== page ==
I still have goose bumps.
Just last week I told my 13-year-old son Bryan that I never thought I'd see a New York Mets pitcher toss a no-hitter.
I've been a fan of the Metropolitans since 1969, and to see ace southpaw Johan Santana toss the first no-hitter in team history—in their 8,020th game—was a tremendous thrill. I felt like a kid again when Santana fired his 134th and final pitch of the night past David Freese of the Cardinals as Citi Field erupted in jubilation.
It finally happened. I still can't believe it.
In July 1969, a little-known utility player named Jimmy Qualls broke up Tom Seaver's perfect game with one out in the ninth inning with a clean opposite-field single to left field. I went to my first Mets game just the day before.
Three years later, "The Franchise" took a no-hitter into the ninth inning before LeRon Lee of the Padres broke it up with a single to center.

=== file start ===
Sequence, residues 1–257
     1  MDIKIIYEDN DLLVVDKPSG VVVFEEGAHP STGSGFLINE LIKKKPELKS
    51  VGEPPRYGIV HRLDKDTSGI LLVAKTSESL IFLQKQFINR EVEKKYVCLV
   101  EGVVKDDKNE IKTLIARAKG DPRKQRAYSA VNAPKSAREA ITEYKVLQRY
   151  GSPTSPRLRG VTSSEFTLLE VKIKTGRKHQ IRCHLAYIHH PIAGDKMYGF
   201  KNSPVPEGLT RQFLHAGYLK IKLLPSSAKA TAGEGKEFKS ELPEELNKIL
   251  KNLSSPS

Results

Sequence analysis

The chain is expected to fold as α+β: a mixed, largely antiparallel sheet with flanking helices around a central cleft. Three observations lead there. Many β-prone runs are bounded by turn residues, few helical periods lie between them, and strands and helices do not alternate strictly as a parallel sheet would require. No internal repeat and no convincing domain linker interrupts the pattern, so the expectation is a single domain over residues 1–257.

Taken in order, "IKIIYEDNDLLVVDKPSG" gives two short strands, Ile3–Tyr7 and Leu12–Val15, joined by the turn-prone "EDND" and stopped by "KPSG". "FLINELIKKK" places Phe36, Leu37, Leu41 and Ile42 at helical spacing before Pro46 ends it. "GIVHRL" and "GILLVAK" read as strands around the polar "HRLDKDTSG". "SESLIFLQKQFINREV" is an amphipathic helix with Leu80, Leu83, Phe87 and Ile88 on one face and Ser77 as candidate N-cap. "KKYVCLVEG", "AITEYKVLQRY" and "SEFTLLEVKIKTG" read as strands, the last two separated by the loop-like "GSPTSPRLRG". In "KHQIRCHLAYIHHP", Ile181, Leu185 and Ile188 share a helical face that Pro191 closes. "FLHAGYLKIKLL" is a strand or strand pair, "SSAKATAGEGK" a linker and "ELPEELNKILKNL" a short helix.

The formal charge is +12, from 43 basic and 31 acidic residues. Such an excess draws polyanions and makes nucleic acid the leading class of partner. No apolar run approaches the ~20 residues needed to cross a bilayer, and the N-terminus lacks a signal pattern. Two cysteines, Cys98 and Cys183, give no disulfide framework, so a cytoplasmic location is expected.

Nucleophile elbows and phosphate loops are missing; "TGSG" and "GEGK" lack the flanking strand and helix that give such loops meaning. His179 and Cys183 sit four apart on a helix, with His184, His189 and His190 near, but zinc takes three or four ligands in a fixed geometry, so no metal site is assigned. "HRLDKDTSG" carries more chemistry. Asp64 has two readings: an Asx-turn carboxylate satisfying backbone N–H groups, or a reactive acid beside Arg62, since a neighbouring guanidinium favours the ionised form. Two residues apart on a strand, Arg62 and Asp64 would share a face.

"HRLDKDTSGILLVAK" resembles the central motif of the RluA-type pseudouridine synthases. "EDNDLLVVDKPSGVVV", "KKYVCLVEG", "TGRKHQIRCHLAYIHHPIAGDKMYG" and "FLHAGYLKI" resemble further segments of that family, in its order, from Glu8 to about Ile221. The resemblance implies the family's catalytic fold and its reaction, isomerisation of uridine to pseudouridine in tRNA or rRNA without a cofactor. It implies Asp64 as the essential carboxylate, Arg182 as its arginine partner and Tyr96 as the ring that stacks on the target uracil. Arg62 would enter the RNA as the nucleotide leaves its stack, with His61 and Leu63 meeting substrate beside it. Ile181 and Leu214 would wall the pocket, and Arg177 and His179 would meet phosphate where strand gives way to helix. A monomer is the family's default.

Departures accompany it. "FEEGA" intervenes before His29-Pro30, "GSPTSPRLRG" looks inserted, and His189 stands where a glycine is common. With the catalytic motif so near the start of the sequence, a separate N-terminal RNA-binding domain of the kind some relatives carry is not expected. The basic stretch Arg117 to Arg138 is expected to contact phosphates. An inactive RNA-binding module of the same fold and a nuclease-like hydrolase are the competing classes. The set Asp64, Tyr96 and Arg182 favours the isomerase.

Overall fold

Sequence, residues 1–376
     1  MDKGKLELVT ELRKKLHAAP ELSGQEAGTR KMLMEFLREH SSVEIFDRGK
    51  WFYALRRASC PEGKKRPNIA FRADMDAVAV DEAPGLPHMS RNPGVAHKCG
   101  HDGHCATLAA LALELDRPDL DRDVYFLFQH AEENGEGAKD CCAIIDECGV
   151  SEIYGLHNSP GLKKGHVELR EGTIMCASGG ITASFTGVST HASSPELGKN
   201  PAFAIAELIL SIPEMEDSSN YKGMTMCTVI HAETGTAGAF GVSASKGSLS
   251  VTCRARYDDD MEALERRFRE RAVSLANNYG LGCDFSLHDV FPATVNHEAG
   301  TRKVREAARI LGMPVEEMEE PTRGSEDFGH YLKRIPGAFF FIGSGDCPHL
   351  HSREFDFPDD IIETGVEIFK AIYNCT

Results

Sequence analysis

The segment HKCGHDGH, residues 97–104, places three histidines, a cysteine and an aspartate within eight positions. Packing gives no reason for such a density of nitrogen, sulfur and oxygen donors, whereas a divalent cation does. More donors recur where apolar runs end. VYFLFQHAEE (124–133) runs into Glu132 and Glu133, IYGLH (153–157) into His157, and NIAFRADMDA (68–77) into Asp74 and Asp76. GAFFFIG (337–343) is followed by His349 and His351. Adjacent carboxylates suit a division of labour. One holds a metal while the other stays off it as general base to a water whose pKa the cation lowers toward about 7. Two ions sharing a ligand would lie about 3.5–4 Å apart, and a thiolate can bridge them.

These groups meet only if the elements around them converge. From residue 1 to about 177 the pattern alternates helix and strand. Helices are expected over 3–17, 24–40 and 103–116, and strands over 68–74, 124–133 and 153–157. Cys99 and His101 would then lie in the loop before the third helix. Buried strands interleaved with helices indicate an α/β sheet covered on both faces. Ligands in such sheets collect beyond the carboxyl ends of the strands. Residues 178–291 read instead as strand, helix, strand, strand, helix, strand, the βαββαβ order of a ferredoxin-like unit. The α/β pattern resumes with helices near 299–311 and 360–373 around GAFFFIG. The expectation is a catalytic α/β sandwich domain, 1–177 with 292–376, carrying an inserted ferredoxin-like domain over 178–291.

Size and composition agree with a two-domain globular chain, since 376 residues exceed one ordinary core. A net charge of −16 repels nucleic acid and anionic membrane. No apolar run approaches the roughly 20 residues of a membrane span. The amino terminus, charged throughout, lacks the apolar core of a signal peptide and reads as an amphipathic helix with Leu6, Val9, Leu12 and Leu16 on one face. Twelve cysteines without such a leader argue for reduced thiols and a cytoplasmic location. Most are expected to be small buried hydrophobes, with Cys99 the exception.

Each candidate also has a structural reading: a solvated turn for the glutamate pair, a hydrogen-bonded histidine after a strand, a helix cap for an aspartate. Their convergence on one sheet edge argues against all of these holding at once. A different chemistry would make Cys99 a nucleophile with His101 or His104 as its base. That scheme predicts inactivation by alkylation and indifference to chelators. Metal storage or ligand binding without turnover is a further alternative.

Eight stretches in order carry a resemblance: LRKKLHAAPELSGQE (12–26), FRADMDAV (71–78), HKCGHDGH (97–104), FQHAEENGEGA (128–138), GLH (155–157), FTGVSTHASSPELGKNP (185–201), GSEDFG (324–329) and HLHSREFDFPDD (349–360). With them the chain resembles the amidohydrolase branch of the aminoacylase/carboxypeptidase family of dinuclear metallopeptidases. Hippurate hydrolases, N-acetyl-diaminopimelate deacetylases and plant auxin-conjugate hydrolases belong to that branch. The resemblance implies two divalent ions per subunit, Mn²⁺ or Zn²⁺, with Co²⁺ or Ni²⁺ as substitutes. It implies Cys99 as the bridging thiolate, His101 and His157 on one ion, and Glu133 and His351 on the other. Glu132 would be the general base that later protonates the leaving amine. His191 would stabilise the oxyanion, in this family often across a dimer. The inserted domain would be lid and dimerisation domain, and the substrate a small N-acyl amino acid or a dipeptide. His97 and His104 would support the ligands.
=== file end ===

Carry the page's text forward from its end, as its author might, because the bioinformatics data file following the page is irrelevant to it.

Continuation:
Tom Terrific came close again against the Cubs in Chicago. Dwight Gooden and John Maine flirted with no-no's as well.
However, it is the 33-year old Santana that will be forever etched in the minds of Mets fans and in the team history books. His recovery from shoulder surgery, which forced him to miss the entire 2011 season, now looks complete.
I thought this day would never come. It finally did. It's something that I'll remember for the rest of my life.
This is what makes us all sports fans.
Special nights like this.
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